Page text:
And we need the mayor to realize the damage he's about to do for our area.
If the rest of us don't pick up after the cuts, it makes it just that much easier for gangs to pick our kids off the tree as easily as a piece of fruit ready to fall.
In essence, the mayor hasn't done the Harbor Area kids a single favor -- but when we have another killing with a lot of hype, I suspect the mayor will be back, smiling that wide grin for the cameras.
Saturday, April 19, 2008
COASTAL NEIGHBORHOOD COUNCIL SUPPORTS DANA MIDDLE SCHOOL:
To keep Dana Middle School’s after school clubs flourishing, the Coastal Neighborhood Council sponsored the programs with a $5,000 check, upping it from its original $2,500.
The council agreed that if any other group matched its $2,500 sponsorship, it would offer Dana that same amount to help keep the clubs thriving and flourishing. The Central Neighborhood Council has agreed to provide $3,500 – primary for a soccer club to begin at the school.
An avid supporter, Coastal’s Treasurer John Stinson said the community can no longer afford to not provide for programs like this which keeps students off the street, in a safe haven and helps them explore their interests.
“The Coastal San Pedro Neighborhood Council has had the opportunity to sponsor a number of youth programs and activities over the years and the Dana Middle School After School Clubs are a fine example of providing creative and healthy alternatives to gang involvement, drugs and the like,” he explained.
“Our children are our future and sending them down the right path by providing constructive activities like these will help them enjoy a brighter and safer tomorrow. It is an investment we can not afford not to make.”
The clubs, which started three years ago with an art and Spanish Club, grew dramatically to about eight clubs, with new additions coming in constantly. So far, Dana has Spanish, Croatian, art, basketball, cooking, swimming and junior police explorers. Some of the clubs are run by parent volunteers. Calling it LA Network for Kids, the Dana Parent Teacher Organization has done fundraisers and sought sponsors to keep the programs alive.
So far, Coastal Neighborhood Council has provided the largest donation, but other neighborhood councils are stepping up.
More programs are expected to be launched shortly – including sailing and musical theater.
TIP A COP ---WON’T YOU PLEASE
In what might prove to be a most interesting night, Los Angeles officers will be waiting hand and foot on patrons at the Copper Room Restaurant Tuesday night (April 22) and will accept tips for a fundraiser.
Officers are donating their tips to the Relay for Life, a benefit for the American Cancer Society. The fundraiser begins Tuesday at 5 p.m. and ends at 10 p.m. The Copper Room is located at 589 West 9th Street.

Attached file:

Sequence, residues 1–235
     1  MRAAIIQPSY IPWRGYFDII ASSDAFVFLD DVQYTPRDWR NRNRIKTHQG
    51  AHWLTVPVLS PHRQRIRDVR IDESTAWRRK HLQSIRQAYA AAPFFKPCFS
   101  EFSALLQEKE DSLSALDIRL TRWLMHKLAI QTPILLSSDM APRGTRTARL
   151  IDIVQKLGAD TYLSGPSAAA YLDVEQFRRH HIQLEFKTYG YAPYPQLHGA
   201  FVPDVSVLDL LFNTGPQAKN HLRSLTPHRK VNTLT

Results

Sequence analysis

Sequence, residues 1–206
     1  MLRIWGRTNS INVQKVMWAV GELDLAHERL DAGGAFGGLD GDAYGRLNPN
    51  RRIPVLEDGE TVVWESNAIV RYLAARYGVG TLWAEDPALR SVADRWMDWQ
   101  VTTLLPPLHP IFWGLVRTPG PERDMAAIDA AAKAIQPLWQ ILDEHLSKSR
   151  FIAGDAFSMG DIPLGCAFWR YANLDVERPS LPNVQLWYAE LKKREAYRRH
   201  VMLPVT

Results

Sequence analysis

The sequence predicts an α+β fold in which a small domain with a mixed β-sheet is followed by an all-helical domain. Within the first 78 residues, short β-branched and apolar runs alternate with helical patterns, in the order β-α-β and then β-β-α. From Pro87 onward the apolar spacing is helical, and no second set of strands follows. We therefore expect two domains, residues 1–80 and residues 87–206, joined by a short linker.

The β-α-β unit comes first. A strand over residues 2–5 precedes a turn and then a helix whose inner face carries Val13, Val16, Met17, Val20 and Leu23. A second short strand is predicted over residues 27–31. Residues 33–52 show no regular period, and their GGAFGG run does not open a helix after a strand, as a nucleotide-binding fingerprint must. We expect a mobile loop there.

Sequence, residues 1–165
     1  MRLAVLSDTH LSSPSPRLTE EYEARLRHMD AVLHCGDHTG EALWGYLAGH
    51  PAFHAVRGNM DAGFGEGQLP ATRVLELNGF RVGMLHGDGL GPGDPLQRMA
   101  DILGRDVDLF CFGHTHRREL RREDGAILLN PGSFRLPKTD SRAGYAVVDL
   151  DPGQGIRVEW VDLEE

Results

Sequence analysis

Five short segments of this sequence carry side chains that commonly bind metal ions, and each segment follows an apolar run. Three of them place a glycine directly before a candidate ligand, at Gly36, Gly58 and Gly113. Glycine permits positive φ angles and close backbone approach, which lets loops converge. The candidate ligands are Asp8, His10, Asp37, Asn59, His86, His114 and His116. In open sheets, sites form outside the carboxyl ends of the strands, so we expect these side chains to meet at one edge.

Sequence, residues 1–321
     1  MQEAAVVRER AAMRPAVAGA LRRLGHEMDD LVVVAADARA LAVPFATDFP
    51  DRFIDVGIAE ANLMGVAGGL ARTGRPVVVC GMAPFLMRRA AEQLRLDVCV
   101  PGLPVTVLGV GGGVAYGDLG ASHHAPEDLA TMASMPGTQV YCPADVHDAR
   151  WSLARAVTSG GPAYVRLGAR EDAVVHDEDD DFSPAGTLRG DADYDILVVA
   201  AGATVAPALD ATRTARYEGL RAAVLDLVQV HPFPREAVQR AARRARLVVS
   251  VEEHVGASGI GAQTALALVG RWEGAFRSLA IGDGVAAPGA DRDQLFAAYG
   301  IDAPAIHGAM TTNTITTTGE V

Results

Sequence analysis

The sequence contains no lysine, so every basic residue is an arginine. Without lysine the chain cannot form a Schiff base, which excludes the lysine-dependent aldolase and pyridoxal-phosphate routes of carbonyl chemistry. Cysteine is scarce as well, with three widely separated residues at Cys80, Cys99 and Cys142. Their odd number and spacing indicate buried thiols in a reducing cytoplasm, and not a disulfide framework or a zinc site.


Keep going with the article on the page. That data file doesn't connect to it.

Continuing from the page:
Senior Lead Police Officer Joe Buscaino said he will be serving in honor of an aunt he lost to cancer.
For more information contact Sheri Hadjis at (310)-704-1299 or Debbie Heath, (310)-614-4201.
DON’T FORGET THIS IMPORTANT COMMUNITY EFFORT AGAINST VIOLENCE
A Peace and Unity Rally will be held May 15 to honor the 189 homicide victims killed in San Pedro and to unite the entire community against violent crime.
Put together by the San Pedro Safety School Collaborative, residents are asked to show their support by showing up from 6 to 8 p.m. at the San Pedro High School Pirate Stadium. The event is one of the first efforts the collaborative has done to combat gang violence – and any other violent crime.
Over the past two decades, 189 residents have been killed; 24 of them have been children under the age of 18. Many of the murders remain unsolved.
Los Angeles Police have agreed to patrol the event – and toward the end of the event, those attending will be asked to hold their lighted cell phones up in the darkness as a symbol of unity.
The rally is the first large event the collaborative is planning to combat violence.
To volunteer or for more information, call the YWCA at (310) 547-0831 and ask for Gabriela Medina or Alice Castellanos.
TRY ROWING CHINESE DRAGON BOATS AT AN UPCOMING OPEN HOUSE AT CABRILLO BEACH – COME SEE THESE BEAUTIES AT SEA AND PERHAPS DECIDE THAT YOU WANT TO BE ON A TEAM
Never seen a Chinese Dragon boat? Here’s your chance.
The newly formed LA Harbor Dragon Boat Club will hold an open house so residents can not only see, but even try their paddling hand, on these boats that are rowed by teams of paddlers.
On May 10, from 8 a.m. to 1 p.m., residents are asked to drop by and consider putting on a life jacket and rowing out on one of the boats.
The group wants to form both youth and adult teams. The event will be held at the Cabrillo Beach Youth Waterfront Sports Center, 3000 Shoshonean Road.
For further information, contact Marie at email@example.com or at (310)-324-5929 for the youth team. For adults, contact Bruce at Blheath@mindspring.com or (425)-503-3988.
Tuesday, April 15, 2008
LOS ANGELES SCHOOL OFFICIALS BRING SOME PROMISING BUY-INS FOR AN ANGEL’S GATE HIGH -- AND NEWS THAT, DESPITE SHARP PROTESTS FROM NEIGHBORS, SOME RESIDENTS WILL REALLY WANT TO HEAR
By Diana L. Chapman
In what appeared as a miraculous buy-in package to build a high school at Angel’s Gate, Los Angeles school officials this week turned criticisms into advantages for residents to continue the progress toward building an 800-seat campus at the site.
Linda Del Cueto, the superintendent for region district 8 which includes all of San Pedro and areas stretching up north to Watts, promised a list of benefits that might encourage even critics to turn their heads around and consider the site. She added the school likely would either become a 9th grade academy or a 9th-12th grade high school